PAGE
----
On Arriving – Jermyn Street Theatre, London

Reviewer: Maryam Philpott

Writer: Ivan Faute

Director: Cat Robey

The most evocative section in Ivan Faute’s On Arriving, showing at the Jermyn Street Theatre as part of the Footprints Festival, is the image of well turned-out aid workers in their sturdy shoes asking patronising and intrusive questions. Like disaster tourists, these ‘self-designated rescuers’ want to know how much our protagonist has suffered and what she has left behind, while never truly understanding the consequences of her journey.

Neighbours are leaving, worried about protests in the area, but one family decide to stay, a momentary trouble that will pass over. But when war suddenly arrives on their doorstep in a cloud of smoke, a young woman begins a dangerous journey to who knows where with her young baby, brother and older relatives in tow, but terrible things lie ahead.

Faute’s 60-minute play is deliberately fragmented, cutting out of sequence between happier times at home, an almost carefree existence, and key events on the risky journey to what the family hope will be somewhere safer. These snatches of scenes require the audience to work hard to piece the timeline together to understand the confusion, powerlessness and limited options for refugees with little knowledge of the terrains they must cross.

On Arriving is subtle in its presentation of these events, weaving hints of mud and deserts, long queues, trucks and thin boats into the story without overtly drawing attention to them. Faute takes the same approach to the fate of the young woman’s family, talking around death and grief in a way that is often very powerful, all the more so for avoiding direct confirmation of these losses.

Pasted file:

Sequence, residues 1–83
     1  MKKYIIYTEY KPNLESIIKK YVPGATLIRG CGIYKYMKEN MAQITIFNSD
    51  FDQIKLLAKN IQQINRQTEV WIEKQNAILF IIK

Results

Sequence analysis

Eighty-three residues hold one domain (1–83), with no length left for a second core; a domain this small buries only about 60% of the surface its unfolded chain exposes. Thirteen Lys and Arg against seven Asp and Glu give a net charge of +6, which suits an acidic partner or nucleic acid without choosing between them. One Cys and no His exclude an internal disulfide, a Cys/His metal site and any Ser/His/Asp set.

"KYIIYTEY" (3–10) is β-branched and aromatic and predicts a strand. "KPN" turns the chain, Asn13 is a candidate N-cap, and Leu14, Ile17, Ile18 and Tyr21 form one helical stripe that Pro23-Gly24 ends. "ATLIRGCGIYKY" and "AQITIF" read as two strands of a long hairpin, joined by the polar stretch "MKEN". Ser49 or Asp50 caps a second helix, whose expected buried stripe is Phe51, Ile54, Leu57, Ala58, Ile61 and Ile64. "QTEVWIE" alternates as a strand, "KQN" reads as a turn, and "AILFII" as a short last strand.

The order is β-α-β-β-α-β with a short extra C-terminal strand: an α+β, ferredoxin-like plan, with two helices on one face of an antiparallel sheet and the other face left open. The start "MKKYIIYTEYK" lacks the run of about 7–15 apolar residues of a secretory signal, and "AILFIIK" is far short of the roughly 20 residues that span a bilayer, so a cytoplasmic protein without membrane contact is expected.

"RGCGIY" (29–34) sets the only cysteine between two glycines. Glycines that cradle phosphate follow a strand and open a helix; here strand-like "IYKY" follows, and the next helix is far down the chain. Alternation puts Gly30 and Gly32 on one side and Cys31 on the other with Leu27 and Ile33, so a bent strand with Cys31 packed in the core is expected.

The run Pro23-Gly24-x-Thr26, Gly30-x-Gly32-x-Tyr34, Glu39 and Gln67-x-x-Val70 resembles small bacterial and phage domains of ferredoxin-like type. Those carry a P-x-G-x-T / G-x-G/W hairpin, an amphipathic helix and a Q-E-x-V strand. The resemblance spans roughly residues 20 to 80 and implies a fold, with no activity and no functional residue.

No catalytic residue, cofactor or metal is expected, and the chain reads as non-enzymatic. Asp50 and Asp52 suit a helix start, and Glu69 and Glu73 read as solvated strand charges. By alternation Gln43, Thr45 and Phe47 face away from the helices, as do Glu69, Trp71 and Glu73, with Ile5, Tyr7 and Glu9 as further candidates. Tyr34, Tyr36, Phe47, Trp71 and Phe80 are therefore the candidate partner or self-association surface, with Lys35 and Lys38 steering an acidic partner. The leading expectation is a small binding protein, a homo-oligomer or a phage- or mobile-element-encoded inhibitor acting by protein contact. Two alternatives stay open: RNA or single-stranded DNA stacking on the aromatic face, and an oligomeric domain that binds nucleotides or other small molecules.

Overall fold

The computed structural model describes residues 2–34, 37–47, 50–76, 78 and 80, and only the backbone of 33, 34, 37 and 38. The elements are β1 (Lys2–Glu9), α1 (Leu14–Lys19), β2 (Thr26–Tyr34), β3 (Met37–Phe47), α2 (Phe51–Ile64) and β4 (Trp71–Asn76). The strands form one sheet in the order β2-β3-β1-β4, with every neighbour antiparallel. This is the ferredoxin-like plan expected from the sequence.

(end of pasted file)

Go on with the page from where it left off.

Yet, this one-person play can be almost immersive in its detail, describing a hazardous scene on a capsizing boat in horrifying detail relived by the central character who recreates the chaos and panic that only amplifies the problem. Performer Sophia Eleni creates these lives in vivid detail, peopling the story with a variety of characters both at home and in transit to capture these contrasting experiences.

And it is those sudden changes of tone that are the play’s strength and weakness. Eleni is quite extraordinary in her ability to shift the mood with just a beat between scenes, one moment devastated and broken, afraid and desperate, the next gleeful and light as the audience is transported back to the hopeful pre-war era. There is considerable pathos in her characterisation which builds its extremes of experience as the story concludes – and notable too that Eleni has composed the music and sound design.

This back-and-forth approach does have its disadvantages however, and while the play sets out to restore individuality to the refugees in the story, we find out very little about this woman and family other than her maternal status. She talks about a childhood love of maps early on, linked to the value of her smartphone as a directional tool but this notion is disregarded during her journey and could be used to tell the audience more about her character, determination or fortitude rather than just her experiences.

It all starts with a single question ‘how do people decide which roads to take’ and like Flight, On Arriving is really strong on linking the settled lives families once had with the terrifying voyage to safety they must undertake filled with dangerous hurdles as the stakes get higher. Like Faute’s aid workers, its tempting to focus solely on what has been lost but knowing a little more about who this family were to begin with would add to their humanity.

Runs until 22 July 2021

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The Reviews Hub London is under the acting editorship of Richard Maguire. The Reviews Hub was set up in 2007. Our mission is to provide the most in-depth, nationwide arts coverage online.

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